The flora is very varied. With the exception of a few limited areas in the northern part, the region is covered with forests, generally so dense that landmarks are invisible and the traveller is forced to guide himself by the sun or by compass. The trees are mainly the Douglas spruce and the yellow pine, and are not of large size or great commercial value.
The surface of the park is almost entirely covered with volcanic rocks. The Gallatin Range, however, in the north-western corner, is made up of stratified beds ranging from the Silurian system up to the Cretaceous. In a few localities also Tertiary lake beds and local drift are found. The plateaus generally are composed of rhyolite, while the mountain ranges are made up of later volcanic deposits, mainly conglomerates. In this region the ancient volcanic fires, which formerly extended far and wide, especially to the south and west, are still in existence, as is shown by the vast numbers of hot springs and geysers. The number of the former is by a close estimate not less than 3000, varying in size from a few inches in diameter to an area of many acres. The number of active geysers is 71. These phenomena are found in groups in numerous localities, the most important of which—for they contain most of the great geysers—are the Upper and the Lower Geyser basins, near the head of the Madison, here known as the Firehole, river. The former contains 26 geysers, several of which are of such power as to throw water to heights exceeding 200 feet, and the amount of water thrown out is so great as to raise the temperature of the river water many degrees. The Lower basin contains 16 geysers. The Norris basin, upon Gibbon river, a branch of the Madison, contains 9 geysers, and the Shoshone basin, upon the shore of Shoshone Lake, contains 8 active spouters. Others are found at Heart Lake, upon Pelican creek, in Hayden's valley, and in Monument basin. In all these localities the water holds silica in solution in considerable quantities, so that as it cools and evaporates it deposits siliceous matter, which has covered with a hard white floor many square miles of these valleys, and has built up craters around the springs and geysers of considerable size and great beauty of form. Besides silica, the water of many of the springs contains sulphur, iron, alum, and other materials in solution, which in places stain the pure white of the siliceous deposits with bright bands of colour. Upon Gardiner river, near the northern boundary of the Park, there is a large group of springs, known as the Mammoth Hot Springs, which differ from the others in holding carbonate of lime in solution. These springs have deposited so freely as to build up a hill 200 feet in height, from the top of which the springs boil out. The slopes of this mound have been built in the form of a succession of basins rising one above another, and the water from the springs overflows from one into another, growing gradually cooler as it descends. Upon the bank of Yellowstone river, between the falls and the lake, there was, when the region was first explored, a geyser which at intervals of about 4 hours threw up a column of mud to a height of 40 or 50 feet. In more recent times this geyser has ceased action. These phenomena have been under observation since 1871; and, while there have been changes in them, certain geysers having ceased and others having been formed, no evidence of a diminution of power has been observed.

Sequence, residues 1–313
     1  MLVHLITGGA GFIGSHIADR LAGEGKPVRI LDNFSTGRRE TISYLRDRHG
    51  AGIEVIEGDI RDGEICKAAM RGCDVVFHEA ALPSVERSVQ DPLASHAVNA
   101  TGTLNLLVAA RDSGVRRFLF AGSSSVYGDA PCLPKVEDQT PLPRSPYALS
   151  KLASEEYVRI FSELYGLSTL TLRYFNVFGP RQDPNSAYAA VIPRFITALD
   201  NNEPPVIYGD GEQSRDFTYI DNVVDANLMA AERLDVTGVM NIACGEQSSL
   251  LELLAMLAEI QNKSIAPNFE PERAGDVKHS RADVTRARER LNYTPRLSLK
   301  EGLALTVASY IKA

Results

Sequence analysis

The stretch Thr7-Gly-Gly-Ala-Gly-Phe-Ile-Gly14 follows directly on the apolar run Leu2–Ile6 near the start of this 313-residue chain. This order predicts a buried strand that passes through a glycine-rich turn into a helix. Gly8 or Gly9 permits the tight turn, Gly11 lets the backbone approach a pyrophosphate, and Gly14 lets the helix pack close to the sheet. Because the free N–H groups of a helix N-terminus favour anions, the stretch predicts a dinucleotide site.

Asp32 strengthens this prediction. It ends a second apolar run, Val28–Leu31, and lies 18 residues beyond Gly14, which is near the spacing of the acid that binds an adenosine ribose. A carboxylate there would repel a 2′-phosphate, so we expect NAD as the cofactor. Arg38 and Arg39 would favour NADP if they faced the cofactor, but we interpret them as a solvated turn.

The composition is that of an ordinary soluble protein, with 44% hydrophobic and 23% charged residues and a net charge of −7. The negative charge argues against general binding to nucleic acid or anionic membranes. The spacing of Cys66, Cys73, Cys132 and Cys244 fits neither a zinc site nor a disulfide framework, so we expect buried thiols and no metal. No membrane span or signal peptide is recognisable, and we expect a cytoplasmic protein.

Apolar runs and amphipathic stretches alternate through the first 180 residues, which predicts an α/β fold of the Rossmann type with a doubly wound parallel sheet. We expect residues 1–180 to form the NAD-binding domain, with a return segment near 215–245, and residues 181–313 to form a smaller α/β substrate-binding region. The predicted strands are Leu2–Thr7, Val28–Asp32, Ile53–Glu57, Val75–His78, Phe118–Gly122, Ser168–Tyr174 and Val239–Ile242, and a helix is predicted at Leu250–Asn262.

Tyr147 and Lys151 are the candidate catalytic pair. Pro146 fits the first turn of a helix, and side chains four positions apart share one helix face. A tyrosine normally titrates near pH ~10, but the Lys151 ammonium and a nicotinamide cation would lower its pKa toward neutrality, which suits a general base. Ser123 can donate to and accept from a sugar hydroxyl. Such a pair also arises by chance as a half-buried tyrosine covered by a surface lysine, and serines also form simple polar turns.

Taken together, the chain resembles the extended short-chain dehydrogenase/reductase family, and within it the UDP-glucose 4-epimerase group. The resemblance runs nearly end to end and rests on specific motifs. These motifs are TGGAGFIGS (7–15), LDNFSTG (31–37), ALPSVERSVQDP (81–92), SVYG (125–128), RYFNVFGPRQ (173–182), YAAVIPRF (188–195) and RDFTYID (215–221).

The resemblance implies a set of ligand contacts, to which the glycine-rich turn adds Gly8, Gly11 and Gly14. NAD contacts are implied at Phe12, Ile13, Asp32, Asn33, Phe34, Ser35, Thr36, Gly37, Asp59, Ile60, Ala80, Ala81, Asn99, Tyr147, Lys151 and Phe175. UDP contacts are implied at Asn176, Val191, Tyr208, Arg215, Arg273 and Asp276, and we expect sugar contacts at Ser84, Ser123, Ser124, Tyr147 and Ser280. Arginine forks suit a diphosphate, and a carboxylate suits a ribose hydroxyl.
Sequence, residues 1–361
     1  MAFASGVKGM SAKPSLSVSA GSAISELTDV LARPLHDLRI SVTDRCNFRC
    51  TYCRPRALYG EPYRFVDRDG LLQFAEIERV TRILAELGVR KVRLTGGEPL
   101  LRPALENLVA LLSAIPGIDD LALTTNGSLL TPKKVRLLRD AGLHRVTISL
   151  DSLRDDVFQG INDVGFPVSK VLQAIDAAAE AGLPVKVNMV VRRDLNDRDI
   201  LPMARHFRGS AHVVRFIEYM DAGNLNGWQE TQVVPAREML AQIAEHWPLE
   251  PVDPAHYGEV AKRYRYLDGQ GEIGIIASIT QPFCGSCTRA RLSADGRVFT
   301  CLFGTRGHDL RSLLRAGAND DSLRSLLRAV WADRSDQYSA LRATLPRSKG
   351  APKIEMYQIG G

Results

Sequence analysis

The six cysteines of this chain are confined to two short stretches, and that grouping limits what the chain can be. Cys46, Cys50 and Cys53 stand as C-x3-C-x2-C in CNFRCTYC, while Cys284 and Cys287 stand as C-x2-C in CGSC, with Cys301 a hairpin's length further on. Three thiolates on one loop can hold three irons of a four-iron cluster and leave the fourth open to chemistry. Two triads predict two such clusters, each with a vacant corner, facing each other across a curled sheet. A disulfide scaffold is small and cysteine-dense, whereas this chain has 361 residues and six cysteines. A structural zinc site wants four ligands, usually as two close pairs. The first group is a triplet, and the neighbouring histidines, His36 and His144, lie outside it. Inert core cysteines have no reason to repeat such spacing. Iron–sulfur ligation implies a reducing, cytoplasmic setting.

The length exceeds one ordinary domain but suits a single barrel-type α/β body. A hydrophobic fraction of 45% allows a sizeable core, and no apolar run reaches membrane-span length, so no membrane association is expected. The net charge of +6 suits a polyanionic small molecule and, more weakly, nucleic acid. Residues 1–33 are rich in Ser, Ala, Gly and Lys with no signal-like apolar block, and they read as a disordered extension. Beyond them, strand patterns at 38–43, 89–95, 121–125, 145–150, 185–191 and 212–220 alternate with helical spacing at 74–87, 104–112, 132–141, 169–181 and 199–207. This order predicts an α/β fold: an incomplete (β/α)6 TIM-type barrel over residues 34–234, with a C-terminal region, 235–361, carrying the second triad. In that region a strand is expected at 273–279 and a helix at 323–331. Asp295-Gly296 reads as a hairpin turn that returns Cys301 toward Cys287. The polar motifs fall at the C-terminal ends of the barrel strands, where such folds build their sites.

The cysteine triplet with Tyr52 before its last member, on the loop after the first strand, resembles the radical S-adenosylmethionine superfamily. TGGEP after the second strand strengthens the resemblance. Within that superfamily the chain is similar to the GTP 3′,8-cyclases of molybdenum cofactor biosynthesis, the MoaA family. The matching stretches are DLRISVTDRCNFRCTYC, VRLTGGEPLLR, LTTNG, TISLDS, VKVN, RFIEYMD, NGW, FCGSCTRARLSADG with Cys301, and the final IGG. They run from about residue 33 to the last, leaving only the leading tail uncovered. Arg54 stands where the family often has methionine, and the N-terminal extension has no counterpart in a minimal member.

The Park is accessible by means of the Northern Pacific Railroad, by a branch which extends up the valley of the Yellowstone within a few miles of the northern boundary; and with this a line of stage coaches is connected.
The most stringent laws have been enacted in regard to the killing of game, the starting of forest fires, and the removal of the deposits of the springs.
Although exploring parties had at various times passed on all sides of this strange region, its wonders remained undiscovered until so late a period as 1870. This fact is all the more remarkable because at that time the frontier of settlement was in the Gallatin valley, not a hundred miles from the great geyser region. Some rumours of hot springs and geysers, coming from stray trappers and Indians, had been received, however, and these were sufficient to start a party from the Montana settlements in 1870, to investigate the strange tales. The discoveries made by this, the Washburne party, induced Dr F. V. Hayden, then in charge of a Government survey, to turn his explorations in this direction. The reports
brought back by him induced Congress to reserve this area from settlement, which was done in the spring of 1872. In that year further explorations were made, and in subsequent years army expeditions carried the work of exploration still farther. In 1878 a map of the Park, based upon triangulation, was drawn up by the Hayden survey, and in 1883–85 a more detailed map was made by the United States Geological Survey, and a systematic study of its geological phenomena was instituted.